The 45th annual St. Patrick's Day parade in Wilmington on Saturday has been canceled due to coronavirus, parade and city officials announced Thursday morning.
It will be the first time in 44 years that the parade has not been held, according to the Irish Culture Club of Delaware, the longtime parade organizers.
The post-parade hooley where revelers can purchase a glass mug for $20 for unlimited refills of keg beer is also called off.
"The group of us running the thing thought it would be stupid at this point," said parade chairman Patrick Kelly. "We spoke about keeping the hooley and scratching the parade, but the hooley is the most potent dilemma we have, jamming all these people in here next to each other.
"The whole world is in a tizzy and we're worried about canceling a parade? Just cancel the damn thing."
The Wilmington cancellations came a day after New York canceled its parade for the first time in more than 250 years, which followed the cancellation of parades in Boston and also overseas in Dublin, Ireland.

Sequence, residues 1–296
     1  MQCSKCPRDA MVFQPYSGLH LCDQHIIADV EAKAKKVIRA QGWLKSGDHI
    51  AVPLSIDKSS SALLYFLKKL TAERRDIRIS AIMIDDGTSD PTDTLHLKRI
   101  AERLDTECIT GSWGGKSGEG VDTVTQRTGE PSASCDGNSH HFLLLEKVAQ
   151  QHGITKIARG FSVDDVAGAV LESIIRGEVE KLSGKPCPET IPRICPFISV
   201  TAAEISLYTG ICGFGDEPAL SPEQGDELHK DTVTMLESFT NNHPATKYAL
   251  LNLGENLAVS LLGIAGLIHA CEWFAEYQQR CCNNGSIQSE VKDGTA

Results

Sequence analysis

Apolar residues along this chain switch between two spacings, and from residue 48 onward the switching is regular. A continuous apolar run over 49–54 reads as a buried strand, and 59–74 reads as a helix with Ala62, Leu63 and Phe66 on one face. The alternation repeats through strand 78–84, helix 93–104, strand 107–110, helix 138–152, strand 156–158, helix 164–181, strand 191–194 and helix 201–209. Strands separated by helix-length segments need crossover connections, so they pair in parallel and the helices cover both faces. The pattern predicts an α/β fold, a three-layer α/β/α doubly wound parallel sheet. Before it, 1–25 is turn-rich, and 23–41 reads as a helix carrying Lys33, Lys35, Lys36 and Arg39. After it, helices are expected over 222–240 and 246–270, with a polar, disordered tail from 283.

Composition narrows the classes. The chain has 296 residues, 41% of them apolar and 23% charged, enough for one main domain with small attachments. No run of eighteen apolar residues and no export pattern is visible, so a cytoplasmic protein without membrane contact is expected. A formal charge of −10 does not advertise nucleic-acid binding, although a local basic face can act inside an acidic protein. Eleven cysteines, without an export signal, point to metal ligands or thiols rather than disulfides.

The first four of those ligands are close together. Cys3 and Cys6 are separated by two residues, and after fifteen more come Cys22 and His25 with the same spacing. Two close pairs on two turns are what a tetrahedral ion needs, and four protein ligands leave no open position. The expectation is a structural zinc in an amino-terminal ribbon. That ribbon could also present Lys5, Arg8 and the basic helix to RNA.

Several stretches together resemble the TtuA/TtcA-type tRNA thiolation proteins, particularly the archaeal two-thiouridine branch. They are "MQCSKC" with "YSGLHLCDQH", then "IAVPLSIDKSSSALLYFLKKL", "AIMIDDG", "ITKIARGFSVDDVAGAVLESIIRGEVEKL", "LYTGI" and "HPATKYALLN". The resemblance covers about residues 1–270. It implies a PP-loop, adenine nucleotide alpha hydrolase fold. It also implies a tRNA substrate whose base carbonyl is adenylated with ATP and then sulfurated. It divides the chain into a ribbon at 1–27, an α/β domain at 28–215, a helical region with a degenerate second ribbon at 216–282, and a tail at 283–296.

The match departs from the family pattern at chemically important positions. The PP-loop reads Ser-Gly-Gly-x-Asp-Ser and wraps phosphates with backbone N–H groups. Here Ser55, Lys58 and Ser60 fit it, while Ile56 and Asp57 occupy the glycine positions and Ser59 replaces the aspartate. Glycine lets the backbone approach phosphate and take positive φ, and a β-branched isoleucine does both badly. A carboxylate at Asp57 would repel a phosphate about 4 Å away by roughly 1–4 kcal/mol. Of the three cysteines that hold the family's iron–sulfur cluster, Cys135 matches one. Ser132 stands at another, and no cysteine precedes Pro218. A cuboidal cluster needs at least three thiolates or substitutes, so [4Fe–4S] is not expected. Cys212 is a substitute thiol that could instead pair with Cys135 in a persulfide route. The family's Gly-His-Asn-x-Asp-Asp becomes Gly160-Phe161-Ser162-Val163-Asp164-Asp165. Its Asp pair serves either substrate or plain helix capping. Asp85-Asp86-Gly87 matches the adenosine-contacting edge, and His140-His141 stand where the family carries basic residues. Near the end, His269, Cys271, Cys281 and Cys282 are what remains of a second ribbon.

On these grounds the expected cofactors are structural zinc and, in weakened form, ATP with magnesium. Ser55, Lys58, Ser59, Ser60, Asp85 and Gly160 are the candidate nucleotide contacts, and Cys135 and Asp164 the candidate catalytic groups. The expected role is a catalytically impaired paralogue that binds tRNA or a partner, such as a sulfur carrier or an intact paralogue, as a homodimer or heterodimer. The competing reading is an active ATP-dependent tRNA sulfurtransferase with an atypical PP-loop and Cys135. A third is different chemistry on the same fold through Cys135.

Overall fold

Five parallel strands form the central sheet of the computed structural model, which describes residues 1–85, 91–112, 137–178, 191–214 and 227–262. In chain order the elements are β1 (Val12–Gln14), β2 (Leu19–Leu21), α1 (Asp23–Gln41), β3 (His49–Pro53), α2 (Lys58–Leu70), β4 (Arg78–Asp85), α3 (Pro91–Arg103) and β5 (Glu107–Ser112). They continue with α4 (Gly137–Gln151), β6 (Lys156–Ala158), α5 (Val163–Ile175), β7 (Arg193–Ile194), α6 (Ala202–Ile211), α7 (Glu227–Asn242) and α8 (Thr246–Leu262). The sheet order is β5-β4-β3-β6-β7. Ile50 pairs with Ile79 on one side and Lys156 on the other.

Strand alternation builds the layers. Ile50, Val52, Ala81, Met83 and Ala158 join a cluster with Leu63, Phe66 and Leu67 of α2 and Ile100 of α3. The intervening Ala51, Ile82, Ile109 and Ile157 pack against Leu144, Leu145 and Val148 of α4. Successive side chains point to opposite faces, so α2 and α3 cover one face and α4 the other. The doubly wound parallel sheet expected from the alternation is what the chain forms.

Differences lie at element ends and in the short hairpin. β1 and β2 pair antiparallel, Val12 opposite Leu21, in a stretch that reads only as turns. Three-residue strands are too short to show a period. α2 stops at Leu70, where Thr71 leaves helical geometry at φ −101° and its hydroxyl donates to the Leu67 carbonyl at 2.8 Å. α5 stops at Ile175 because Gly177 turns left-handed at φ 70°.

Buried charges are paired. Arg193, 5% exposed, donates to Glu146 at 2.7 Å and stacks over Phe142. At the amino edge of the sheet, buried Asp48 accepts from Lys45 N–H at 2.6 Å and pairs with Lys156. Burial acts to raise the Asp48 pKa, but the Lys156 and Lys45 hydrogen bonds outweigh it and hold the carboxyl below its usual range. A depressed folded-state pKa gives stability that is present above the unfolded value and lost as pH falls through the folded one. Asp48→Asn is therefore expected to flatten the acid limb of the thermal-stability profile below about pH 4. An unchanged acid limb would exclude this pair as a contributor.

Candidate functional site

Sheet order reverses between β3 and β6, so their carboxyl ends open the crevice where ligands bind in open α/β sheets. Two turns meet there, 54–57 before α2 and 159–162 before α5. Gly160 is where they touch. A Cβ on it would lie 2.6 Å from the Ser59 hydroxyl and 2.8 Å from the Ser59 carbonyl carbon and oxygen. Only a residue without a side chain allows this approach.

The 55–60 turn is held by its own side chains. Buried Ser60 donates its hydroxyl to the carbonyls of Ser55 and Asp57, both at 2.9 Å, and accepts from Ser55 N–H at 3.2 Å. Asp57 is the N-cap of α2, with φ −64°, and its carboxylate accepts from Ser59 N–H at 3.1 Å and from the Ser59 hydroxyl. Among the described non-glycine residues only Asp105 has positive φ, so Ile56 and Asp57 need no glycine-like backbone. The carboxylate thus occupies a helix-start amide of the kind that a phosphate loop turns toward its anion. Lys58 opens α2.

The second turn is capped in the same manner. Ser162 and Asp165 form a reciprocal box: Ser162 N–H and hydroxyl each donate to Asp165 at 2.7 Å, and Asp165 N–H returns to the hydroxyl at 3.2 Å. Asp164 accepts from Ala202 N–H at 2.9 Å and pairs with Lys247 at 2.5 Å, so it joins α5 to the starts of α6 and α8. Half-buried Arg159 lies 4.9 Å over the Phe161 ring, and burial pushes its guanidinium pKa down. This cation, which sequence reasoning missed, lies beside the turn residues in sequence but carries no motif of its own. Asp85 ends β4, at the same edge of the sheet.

When Philadelphia's St. Patrick's Day parade scheduled for this Sunday was scrapped earlier this week, the Irish Culture Club of Delaware also canceled its annual bus trip to the 250th annual parade.
In the past, parade organizers have gone to great lengths to ensure the parade never missed a year, even in 1993 when a "superstorm" dumped more than a foot of snow in northern Delaware.
Not wanting to let the parade's streak end, Kelly dressed as St. Patrick just like he does every year and marched. The idea was to film it and send it in to "America's Funniest Home Videos."
When Kelly arrived at the parade site, former Philadelphia WPVI-TV reporter Lauren Wilson was in the middle of the street doing a story about the snowstorm.
Kelly went up to Wilson, now a spokeswoman for the Colonial School District, and told her she had to move because a parade was coming down the street.
"She busted up laughing and said, 'Oh my God, it's been canceled.' I told her nobody told us," Kelly told Delaware Online/The News Journal in 2015. "It was hysterical."
Her news crew shot his one-man parade and the footage soon went national. Kelly's family back home at North Dakota was watching CNN when they suddenly saw Kelly marching through the snow.
This time, Kelly won't be marching to keep the streak going. This is too serious a situation.
I'm scratching that," he said. "I would be the only jackass in the state doing it."